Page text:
There were also some drawings that depicted the "enigma" that was Nazism during the 1930's & 1940's in Spanish history. Drawings depicted Nazism as a nightmare and other things and drawing comparisons to Spains most infamous fascist leader Francisco Franco.
The Reina Sofia has free wifi with a quick and easy sign in form. *Pictures are not allowed*
Thyssen-Bornemisza - The Thyssen-Bornemisza museum is a private museum that houses approximately 1,600 paintings from the collection of German-Hungarian entrepreneur Heinrich Freiherr Thyssen-Bornemisza. Heinrich Thyssen-Bornemisza was a big art collector.
The Thyssen-Bornemisza Museum consists of three floors. It's recommended that you start on the second floor (in Spain it's the ground floor, first floor, then the second floor) and work your way down. If you follow these directions it's easy to see why they recommend this route. The first paintings you'll see are from the mid 1300's. As you make your way around the second floor and down to the ground floor the paintings get younger (and less religious). The final display halls before the museum shop (the end of the museum) are modern art and not too old, at least considering how old the ones on the second floor are.
You'll see paintings that are nearly 700 years old, tapestries from the late 1400's, Pablo Picasso, and Vincent Van Gogh. The collection is an extremely wide range of art that definitely has something for everyone.
Expect to spend at least two hours here. It's a pretty large collection of paintings. There are plenty of benches to stop for rest and free wifi. *pictures ARE allowed here*
Of all the museums in, "The Golden Triangle of Art" the Thyssen-Bornemisza Museum was my favorite.
Plaza de Cibeles
Plaza de Cibeles features the famous Palacio de Cibeles building, which is guaranteed to blow you away with its beauty. In the foreground you'll be able to admire the Fuente de Cibeles statue which is located on a beautiful fountain which is also surrounded by several Spanish flags.
The Botero exhibit is inside the famous Palacio de Cibeles. One of the most beautiful buildings I have been lucky enough to lay my eyes on.
This exhibit features the work of world famous Colombian artist, Fernando Botero. I wont ruin it for you but I guarantee you've seen some of his work. His art is a bit abstract but it is worth seeing. Maybe you'll be surprised to know some of the paintings are very recent even though he's 88 years old!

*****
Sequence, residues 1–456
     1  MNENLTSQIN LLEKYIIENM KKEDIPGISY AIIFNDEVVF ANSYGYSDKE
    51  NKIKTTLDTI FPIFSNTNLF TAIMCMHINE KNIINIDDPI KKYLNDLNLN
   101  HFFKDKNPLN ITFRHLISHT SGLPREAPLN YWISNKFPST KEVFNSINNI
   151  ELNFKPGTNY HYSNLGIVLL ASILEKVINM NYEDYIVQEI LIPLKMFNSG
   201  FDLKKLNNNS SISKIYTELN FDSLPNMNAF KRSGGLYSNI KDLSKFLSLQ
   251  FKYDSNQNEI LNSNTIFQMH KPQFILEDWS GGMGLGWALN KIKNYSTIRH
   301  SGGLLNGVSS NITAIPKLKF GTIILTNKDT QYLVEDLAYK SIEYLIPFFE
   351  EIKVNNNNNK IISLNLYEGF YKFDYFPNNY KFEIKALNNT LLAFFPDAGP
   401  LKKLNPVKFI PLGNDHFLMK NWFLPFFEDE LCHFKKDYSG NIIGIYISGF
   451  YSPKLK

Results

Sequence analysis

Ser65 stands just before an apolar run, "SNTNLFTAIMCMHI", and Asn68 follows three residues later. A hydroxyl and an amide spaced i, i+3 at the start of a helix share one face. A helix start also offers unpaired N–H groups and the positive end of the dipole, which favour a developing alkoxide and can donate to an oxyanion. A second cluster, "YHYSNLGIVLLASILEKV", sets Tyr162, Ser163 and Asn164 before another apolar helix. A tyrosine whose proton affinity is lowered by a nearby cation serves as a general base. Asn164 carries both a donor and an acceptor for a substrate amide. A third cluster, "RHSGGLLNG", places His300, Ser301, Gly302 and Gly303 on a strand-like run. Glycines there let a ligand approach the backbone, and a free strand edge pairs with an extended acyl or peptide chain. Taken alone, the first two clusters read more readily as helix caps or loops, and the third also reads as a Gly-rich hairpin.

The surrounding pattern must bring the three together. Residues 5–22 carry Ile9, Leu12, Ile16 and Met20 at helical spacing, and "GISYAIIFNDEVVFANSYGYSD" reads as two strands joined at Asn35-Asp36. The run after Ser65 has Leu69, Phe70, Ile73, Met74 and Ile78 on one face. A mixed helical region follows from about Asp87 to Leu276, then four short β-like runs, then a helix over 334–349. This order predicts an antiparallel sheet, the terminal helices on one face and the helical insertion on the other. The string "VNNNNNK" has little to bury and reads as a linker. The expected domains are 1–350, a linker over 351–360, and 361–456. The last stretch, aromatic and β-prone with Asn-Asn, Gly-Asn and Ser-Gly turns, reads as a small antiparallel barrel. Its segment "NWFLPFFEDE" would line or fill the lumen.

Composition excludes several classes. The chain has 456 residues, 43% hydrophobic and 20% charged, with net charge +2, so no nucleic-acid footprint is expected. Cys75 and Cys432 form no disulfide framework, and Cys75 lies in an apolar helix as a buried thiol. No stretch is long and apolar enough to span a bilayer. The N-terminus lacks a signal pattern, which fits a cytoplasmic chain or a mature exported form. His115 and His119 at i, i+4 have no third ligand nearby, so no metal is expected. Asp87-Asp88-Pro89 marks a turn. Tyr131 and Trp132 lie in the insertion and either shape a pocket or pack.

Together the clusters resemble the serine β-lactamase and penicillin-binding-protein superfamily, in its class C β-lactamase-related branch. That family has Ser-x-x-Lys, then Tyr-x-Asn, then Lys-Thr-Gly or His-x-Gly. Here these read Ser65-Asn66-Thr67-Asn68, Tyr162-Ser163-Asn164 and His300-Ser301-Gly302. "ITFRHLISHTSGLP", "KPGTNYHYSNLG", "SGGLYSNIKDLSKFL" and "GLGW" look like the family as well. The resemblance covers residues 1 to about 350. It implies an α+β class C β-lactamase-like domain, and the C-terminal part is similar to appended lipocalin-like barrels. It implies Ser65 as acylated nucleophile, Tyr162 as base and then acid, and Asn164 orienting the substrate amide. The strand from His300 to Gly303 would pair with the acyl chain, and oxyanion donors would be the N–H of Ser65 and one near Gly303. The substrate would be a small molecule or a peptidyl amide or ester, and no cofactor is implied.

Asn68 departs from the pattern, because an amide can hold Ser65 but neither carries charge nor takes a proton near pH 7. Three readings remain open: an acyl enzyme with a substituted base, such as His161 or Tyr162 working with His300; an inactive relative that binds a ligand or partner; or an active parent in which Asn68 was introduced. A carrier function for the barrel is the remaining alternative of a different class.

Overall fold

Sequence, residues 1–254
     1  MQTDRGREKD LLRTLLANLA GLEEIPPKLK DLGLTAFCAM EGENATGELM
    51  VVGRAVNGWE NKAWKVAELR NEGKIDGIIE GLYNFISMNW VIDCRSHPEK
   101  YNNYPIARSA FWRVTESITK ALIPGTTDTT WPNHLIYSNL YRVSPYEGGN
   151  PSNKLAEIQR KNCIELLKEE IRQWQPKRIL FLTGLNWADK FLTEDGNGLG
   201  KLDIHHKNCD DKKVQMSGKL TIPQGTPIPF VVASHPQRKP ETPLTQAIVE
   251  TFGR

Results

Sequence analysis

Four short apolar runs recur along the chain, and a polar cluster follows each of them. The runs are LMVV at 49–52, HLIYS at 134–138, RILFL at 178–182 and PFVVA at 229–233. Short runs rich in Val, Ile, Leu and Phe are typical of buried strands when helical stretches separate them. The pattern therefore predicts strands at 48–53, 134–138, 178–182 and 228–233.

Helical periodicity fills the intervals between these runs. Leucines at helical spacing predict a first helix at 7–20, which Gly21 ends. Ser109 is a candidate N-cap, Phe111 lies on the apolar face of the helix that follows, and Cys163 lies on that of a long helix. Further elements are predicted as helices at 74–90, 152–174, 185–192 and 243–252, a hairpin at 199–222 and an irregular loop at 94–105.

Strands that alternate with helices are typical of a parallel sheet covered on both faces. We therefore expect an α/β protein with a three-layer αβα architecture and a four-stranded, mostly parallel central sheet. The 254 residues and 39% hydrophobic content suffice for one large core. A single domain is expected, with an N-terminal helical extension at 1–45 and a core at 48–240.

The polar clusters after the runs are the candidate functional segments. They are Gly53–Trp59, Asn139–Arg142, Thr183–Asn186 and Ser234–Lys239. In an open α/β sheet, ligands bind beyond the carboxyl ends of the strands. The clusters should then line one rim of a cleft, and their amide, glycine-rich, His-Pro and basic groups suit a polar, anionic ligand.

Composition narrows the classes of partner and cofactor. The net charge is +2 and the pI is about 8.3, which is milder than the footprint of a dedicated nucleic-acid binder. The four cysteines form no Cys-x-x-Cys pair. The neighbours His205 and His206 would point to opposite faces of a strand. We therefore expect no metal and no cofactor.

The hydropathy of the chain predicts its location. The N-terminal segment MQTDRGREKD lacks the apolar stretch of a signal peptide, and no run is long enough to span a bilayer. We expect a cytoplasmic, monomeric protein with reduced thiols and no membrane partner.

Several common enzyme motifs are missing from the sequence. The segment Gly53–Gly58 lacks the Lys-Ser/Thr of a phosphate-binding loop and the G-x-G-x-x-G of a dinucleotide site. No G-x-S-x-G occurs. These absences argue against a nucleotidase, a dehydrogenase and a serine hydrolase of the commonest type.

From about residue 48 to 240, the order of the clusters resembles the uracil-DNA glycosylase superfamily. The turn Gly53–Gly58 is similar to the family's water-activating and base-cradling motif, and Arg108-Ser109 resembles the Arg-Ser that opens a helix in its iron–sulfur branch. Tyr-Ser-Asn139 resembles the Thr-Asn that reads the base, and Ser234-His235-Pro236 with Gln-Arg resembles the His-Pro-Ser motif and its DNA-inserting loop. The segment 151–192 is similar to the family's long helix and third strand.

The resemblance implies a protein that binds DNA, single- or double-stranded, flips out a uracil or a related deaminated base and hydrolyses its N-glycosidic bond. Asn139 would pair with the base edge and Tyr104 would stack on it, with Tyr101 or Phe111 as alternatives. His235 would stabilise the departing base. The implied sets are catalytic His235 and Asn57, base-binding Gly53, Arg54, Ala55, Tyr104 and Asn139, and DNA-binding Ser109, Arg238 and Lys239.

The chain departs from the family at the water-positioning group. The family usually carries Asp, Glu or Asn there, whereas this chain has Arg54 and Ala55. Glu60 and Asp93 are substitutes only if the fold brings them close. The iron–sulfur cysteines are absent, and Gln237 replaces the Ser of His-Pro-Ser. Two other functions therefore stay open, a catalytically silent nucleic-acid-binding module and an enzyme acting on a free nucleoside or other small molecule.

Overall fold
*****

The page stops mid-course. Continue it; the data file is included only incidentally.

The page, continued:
Walk Around Retiro Park
Retiro park is Madrid's most famous park. That's saying a lot considering Madrid is known as a walkable city and known for it's outdoor activities. Retiro is quite large so if you're looking to explore most the park at one time or in one day, expect to walk a lot. Or you could rent a scooter as mentioned above in the getting around section.
When exploring Retiro, don't forget to take in the atmosphere. It's a popular hangout spot for local Madrileños (someone from Madrid). There is no shortage of cafe's to grab a coffee or a beer. A must visit inside the park is the Monumento a Alfonso XII which is surrounded by a large pond where you can even rent a rowboat.
Palacio Real de Madrid
What's not to love about a huge royal palace in the heart of one of Europes best cities? Due to the COVID-19 pandemic there are no guided tours but simply just walking through the halls with a friend or two or by yourself (no judgement here) is totally worth it. It's €8 to get in but if you have an EU work visa, it's free from Monday-Thursday 4-6pm. Our friend was a little behind us and said she couldn't get in at 5pm so it's best to be safe and show up at 4pm.
It's no longer the residence of the royal family in Spain but the palace still hosts events when prominent international guests come to town. Other important events are also held at the palace.
Once you're in the palace you can only take photos in the entrance hallway. Once you get to the extra special rooms, you can no longer take photos. This is an absolute MUST DO when in Madrid.
A sunset at Templo de Debod
This temple dates all the way back to 200 BC. It was donated to the city of Madrid in the early 1970's by the Egyptian government as a nearby dam was being built and there were concerns it would be ruined in flooding. It was taken apart, shipped to Madrid, and rebuilt stone by stone.
The temple is not open to the public but you can walk around the temple. The surrounding park, Cuartel de la Montaña Park, in which the temple rests is easy to enjoy.
The best time is at sunset as the sun sets over the hills west of Madrid. If you have a high quality camera, I suggest brining it. If you're traveling with friends or family, make a night of it and picnic in the back and watch the sunset unfold. You'll notice it's a popular activity with native Madrileños who enjoy the sunset with some popular libations.